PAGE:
Can Mike Trout break the all-time home run record?

This past Saturday, Mike Trout hit his 300th career home run.

Trout’s milestone home run was significant on two fronts. One, he became the Angels franchise leader with #300, surpassing Tim Salmon and his 299 career home runs. Salmon, one of the franchise greats, held onto the title of franchise home run leader for two decades after surpassing Brian Downing with his 223rd home run in August of 2000. Trout managed to achieve this milestone in 1500+ fewer plate appearances than Salmon.

Secondly, Trout achieved his 300th home run just after turning 29 years old. Achieving these historic milestones at a young age is no surprise for Trout. Through age 28, Trout had the highest WAR (71.7) of any player in MLB history. Trout is just one of 11 players with three MVP awards, a group consisting of 7 Hall of Famers, Barry Bonds, Alex Rodriguez, and Albert Pujols. But Trout’s 300th home run raises another question: can he break the all-time home run record?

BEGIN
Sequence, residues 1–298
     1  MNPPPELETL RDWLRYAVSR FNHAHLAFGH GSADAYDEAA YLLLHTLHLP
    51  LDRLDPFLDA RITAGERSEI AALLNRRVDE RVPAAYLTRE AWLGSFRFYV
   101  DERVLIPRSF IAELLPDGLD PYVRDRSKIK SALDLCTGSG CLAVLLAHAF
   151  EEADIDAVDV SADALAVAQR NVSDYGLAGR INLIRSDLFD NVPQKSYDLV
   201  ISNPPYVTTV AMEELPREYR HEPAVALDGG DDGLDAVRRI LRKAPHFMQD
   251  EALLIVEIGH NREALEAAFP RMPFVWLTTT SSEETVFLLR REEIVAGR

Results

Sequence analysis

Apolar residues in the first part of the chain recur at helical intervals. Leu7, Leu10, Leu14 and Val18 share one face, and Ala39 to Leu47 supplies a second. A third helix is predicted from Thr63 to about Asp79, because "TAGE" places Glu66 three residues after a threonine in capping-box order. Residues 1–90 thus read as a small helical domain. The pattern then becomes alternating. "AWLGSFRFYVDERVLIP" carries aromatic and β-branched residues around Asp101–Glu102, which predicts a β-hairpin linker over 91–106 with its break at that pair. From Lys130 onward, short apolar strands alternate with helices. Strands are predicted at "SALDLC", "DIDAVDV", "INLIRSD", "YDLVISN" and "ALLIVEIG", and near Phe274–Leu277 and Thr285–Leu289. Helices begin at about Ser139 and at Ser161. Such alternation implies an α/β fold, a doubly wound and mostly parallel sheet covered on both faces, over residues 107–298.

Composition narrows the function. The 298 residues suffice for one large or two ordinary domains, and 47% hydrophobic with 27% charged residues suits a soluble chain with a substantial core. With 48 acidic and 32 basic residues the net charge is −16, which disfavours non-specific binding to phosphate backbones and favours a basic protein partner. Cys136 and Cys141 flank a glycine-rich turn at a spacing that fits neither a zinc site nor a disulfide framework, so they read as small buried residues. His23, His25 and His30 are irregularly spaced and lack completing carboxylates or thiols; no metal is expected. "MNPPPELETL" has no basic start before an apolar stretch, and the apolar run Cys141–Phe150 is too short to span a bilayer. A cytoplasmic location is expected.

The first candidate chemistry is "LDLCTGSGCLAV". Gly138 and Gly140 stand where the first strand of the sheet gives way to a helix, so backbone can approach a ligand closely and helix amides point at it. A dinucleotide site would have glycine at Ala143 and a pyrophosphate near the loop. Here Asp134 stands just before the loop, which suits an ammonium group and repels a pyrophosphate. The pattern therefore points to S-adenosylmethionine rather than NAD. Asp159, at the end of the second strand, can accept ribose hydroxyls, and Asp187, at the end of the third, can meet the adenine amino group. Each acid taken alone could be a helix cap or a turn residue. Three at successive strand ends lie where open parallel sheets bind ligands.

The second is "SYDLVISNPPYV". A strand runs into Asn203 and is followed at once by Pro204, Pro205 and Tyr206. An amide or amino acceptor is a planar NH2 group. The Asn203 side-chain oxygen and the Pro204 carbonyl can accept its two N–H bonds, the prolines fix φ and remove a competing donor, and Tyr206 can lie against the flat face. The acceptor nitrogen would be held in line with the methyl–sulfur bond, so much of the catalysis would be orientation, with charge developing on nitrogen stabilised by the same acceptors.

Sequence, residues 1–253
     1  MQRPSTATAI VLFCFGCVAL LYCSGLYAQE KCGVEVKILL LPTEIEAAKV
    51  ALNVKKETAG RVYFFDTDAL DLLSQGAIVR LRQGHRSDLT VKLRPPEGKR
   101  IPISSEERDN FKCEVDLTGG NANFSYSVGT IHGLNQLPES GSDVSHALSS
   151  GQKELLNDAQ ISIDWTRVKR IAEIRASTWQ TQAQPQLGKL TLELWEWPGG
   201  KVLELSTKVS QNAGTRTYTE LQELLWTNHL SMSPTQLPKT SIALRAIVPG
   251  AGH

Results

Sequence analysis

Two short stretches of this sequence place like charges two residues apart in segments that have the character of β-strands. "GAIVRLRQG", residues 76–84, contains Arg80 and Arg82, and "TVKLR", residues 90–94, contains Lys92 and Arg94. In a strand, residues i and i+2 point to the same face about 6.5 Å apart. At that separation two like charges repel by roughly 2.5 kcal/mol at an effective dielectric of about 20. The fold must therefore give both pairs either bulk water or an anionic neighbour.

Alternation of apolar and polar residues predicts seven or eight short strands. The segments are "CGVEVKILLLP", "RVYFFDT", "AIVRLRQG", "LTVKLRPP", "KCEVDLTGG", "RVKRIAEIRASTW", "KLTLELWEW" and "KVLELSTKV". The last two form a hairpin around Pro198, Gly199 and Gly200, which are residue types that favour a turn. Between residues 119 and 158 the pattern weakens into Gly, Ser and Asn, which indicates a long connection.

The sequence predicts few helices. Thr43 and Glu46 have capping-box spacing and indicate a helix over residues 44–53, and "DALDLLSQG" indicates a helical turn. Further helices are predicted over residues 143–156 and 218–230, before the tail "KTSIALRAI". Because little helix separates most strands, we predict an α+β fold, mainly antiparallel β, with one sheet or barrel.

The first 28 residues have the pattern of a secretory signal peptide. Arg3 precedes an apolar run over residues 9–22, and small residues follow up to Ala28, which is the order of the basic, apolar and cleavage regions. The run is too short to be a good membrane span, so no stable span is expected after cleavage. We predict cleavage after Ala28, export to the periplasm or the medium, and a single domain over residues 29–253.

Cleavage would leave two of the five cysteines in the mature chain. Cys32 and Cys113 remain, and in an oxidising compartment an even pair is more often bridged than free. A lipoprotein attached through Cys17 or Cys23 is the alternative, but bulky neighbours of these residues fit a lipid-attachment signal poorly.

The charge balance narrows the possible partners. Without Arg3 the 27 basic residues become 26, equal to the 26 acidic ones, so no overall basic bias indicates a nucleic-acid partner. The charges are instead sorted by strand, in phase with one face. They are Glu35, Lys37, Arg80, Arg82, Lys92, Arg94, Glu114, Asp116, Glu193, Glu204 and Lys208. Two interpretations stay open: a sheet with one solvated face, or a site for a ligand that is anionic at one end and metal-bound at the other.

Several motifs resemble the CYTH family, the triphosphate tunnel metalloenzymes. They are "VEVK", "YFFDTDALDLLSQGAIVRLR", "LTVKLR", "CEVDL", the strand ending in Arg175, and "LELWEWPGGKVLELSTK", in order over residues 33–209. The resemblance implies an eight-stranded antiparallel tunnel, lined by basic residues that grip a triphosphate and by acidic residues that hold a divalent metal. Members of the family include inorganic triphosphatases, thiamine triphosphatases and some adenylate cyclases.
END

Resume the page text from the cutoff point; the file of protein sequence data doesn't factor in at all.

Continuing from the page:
Let’s dive in.

The home run leaders

Even though Trout hit a milestone home run at a young age, he has a long way to go to get into the conversation for the home run king. There are plenty of factors in play to get to that point. Trout needs to continue producing, continue hitting for power, stay healthy, etc. The first question to explore, however, is what some of the home run legends did after they reached age 29 (Trout’s age).

Career HRHR through age-29 seasonHR after age 29HR/PA after age 29PA after 29
Bonds76222254014.217677
Aaron 75534241317.827358
Ruth71428443014.26106
Rodriguez69638131518.485822
Mays66027938118.887195
Pujols65936629321.376262
Trout300300?????????